This past weekend we made a big push for Small Groups. The major win was the lessons I learned. With Small Groups, I now realize how important it is to give clear direction and vision for group leaders because without clear direction leaders will do things that can be harmful to their group. For example, as a Church we constantly talk about inviting more people into the Church and reaching out to lost people, which of course is the mission of the Church. Small Group leaders hear that and think that it is always good to invite people into their group, even especially needy people, but that doesn’t work for two reasons. One, groups need to be closed for a while to build up trust before they multiply influence. Being closed allows groups to develop trust and be authentic with one another. Second, Small Groups have more difficulty surviving an especially needy person. A needy person blends into a crowd and doesn’t necessarily drain from the environment, but they will always drain from a Small Group. It doesn’t mean a needy person can’t be in a group, but the timing is very important.
This leads to another lesson. We need to teach group leaders to be shepherds and defend their groups. As Andy Stanley says, “Do not be afraid to sacrifice the one for the many.” My sense is that some groups get hampered because there are one or two people in the group dragging them down and so as not to offend or hurt people, the whole group drags. Group leaders need to be encouraged and equipped to confront members of groups who are keeping the group back and even to ask them to take a break if necessary.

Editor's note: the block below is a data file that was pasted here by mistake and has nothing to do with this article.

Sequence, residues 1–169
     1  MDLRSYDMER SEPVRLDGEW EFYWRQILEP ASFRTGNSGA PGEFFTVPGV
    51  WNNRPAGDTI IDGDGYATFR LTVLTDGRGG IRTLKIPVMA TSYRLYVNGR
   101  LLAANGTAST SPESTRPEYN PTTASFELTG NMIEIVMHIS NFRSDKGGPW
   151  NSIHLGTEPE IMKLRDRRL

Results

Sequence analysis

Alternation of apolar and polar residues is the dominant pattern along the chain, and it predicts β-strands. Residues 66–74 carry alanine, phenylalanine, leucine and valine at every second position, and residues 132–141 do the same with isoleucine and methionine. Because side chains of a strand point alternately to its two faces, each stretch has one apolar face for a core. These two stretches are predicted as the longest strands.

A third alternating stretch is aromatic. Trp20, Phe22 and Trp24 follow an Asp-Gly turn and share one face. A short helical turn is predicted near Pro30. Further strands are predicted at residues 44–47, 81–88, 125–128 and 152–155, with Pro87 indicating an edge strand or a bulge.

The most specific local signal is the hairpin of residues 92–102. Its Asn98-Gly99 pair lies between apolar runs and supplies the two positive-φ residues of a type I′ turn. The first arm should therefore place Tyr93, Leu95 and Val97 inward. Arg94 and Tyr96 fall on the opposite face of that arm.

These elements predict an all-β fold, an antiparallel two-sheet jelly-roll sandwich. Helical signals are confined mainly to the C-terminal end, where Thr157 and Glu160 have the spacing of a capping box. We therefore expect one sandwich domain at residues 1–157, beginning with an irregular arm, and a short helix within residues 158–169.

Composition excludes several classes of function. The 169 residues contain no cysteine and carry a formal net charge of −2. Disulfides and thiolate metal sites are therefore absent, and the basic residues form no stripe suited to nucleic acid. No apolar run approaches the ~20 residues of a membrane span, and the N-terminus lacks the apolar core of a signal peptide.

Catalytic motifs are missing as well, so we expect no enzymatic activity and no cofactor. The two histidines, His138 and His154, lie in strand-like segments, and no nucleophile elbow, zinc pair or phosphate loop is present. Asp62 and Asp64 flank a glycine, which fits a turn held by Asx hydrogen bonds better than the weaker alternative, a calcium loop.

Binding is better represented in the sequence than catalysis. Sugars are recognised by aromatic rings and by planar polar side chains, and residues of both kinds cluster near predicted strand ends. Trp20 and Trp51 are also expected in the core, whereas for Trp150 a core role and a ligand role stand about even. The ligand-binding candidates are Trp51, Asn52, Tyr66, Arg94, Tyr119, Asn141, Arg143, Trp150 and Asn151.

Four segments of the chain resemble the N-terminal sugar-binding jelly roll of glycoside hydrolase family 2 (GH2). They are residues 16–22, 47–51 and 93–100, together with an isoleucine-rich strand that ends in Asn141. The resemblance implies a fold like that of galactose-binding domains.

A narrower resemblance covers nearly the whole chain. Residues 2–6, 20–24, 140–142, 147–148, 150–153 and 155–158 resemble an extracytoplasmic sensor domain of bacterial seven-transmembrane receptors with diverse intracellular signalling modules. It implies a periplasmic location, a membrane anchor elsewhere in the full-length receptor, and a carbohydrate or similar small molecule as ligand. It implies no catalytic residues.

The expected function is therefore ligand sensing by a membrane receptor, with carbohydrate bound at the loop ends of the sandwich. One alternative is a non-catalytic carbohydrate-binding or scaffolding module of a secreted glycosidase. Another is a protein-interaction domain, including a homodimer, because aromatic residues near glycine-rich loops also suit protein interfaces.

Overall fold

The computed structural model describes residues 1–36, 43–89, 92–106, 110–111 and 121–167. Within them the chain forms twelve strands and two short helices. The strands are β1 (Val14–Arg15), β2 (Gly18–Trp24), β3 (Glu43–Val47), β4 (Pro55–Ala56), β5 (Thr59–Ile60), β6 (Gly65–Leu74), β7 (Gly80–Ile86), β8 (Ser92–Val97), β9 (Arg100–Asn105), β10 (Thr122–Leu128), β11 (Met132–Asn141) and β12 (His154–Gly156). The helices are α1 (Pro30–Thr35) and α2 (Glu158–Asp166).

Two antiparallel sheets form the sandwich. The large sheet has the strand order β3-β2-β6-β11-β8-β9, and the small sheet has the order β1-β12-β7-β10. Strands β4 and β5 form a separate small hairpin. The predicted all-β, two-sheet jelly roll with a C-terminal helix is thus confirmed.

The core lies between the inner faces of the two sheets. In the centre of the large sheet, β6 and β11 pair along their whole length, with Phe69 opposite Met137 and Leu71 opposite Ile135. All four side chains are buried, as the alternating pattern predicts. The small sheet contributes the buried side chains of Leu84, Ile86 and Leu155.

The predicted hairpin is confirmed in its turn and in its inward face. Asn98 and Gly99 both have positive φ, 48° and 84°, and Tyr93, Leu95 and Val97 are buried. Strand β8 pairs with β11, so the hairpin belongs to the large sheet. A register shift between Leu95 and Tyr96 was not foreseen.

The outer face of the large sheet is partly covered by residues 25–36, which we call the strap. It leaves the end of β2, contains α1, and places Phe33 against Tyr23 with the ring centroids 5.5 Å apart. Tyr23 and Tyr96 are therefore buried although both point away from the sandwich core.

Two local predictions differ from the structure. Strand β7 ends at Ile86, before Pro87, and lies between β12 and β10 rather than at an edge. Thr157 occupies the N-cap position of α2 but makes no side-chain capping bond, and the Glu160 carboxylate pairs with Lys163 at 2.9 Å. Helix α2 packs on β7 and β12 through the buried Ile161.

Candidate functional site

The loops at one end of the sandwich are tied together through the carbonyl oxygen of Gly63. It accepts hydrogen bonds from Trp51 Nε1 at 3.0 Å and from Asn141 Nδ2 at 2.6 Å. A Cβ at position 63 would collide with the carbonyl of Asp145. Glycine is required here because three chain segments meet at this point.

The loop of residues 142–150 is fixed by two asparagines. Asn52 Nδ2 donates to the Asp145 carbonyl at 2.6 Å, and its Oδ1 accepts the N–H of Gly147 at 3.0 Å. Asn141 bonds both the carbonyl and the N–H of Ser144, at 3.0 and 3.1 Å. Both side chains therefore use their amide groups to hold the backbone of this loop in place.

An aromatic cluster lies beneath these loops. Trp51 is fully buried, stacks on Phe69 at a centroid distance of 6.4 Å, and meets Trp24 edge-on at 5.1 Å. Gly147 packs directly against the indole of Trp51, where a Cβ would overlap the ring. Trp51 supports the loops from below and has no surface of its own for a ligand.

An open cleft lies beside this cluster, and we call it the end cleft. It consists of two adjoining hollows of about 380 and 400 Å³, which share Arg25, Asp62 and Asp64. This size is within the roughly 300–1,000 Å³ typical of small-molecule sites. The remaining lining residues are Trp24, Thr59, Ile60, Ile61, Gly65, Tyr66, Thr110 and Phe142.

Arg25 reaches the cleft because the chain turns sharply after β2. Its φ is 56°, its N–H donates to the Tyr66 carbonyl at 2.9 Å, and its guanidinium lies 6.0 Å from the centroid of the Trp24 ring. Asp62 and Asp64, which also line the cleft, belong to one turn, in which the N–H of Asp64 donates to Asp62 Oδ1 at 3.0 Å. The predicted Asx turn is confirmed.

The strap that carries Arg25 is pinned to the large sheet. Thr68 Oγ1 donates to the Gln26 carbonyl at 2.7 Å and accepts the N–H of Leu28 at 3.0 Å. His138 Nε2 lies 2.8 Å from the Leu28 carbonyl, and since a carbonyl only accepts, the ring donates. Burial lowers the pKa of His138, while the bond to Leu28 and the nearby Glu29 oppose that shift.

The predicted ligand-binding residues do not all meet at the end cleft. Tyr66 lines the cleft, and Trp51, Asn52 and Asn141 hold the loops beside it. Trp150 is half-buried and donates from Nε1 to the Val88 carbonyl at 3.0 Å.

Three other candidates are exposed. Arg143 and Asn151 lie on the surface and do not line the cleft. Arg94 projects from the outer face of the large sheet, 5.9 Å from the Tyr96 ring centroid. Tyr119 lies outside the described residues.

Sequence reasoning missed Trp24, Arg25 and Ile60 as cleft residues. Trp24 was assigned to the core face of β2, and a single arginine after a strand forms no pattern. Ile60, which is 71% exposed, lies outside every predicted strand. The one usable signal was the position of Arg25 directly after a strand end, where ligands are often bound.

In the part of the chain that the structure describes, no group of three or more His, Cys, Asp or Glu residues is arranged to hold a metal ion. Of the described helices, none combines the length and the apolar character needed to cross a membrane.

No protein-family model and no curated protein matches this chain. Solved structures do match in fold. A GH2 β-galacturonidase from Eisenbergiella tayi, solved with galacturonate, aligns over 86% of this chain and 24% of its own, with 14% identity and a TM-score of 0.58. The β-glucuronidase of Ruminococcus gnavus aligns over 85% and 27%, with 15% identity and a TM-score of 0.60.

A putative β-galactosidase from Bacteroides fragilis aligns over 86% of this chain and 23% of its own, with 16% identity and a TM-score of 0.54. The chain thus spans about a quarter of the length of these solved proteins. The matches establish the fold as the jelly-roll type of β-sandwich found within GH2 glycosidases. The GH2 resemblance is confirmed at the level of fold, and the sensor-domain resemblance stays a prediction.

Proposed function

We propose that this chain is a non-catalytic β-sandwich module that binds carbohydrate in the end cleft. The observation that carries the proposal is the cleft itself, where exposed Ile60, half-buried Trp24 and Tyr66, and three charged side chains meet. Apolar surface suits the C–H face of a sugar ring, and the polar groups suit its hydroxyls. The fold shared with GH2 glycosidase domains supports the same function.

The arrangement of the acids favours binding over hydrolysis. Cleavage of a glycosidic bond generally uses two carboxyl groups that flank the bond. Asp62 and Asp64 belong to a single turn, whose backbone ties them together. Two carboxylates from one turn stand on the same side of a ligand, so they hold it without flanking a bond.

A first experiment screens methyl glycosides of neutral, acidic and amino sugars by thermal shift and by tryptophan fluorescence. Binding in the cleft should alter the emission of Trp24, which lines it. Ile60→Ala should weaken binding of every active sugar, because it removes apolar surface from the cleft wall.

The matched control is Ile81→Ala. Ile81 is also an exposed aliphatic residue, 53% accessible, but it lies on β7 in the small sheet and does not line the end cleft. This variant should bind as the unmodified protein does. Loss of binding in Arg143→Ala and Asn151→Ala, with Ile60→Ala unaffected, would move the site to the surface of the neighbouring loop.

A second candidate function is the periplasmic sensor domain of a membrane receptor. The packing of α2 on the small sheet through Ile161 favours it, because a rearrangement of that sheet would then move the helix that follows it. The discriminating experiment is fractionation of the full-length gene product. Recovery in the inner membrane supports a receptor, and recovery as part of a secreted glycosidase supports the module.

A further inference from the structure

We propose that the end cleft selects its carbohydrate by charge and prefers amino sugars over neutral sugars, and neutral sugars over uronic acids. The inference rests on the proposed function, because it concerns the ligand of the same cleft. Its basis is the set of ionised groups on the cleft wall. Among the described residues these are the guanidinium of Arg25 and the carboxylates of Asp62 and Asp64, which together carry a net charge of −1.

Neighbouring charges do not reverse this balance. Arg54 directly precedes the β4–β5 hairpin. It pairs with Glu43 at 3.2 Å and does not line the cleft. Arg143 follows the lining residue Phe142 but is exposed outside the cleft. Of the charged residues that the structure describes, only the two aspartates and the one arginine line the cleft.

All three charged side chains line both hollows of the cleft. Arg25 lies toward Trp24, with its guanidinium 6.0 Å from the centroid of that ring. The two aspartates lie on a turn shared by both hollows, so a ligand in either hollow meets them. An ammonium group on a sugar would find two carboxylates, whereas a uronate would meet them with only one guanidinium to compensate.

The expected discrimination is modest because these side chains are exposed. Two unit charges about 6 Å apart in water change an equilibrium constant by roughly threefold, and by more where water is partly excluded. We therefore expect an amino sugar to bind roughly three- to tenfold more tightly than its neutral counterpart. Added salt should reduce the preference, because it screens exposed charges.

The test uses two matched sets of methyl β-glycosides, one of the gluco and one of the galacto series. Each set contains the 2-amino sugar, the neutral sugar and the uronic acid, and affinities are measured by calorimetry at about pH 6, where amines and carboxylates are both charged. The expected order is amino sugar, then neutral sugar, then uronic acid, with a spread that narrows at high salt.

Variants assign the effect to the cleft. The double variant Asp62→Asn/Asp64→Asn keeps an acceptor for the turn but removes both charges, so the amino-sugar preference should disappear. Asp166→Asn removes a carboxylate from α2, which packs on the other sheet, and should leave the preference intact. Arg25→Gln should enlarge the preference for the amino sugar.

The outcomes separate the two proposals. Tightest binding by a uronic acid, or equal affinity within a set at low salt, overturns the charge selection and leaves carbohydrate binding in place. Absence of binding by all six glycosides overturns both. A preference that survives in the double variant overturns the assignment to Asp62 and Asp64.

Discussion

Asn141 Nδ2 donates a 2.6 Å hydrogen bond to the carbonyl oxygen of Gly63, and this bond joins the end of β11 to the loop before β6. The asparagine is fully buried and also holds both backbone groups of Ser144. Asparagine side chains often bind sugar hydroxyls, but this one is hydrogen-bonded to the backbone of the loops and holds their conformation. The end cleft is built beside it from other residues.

Last, I came to understand through this Starting Point endeavor that getting people into Small Groups is much more about individual sales. The groups that filled most quickly had leaders who recruited and encouraged people to join their group. Interestingly, when I asked one leader, Andrew Mercer, about this, he sheepishly said, “Yea, I recruited” as if that was a bad thing. No, it is just what works, he succeeded precisely because he had recruited. At this point at least (and maybe forever), people will not join a Small Group without the individual ask. Also like sales, people will not commit to joining a group if they don’t see a few names on the list, if the group doesn’t appear to be desirable to other people. I relate this to buying a house, you’re going to be suspicious of houses that had been on the market for a long time and even when I liked the house, I felt no urgency to put a bid on it. The next time we ask people to make a six week commitment to group life, we need to ask leaders to recruit at least a few people to their group and have them up on their cards so that people will want to join.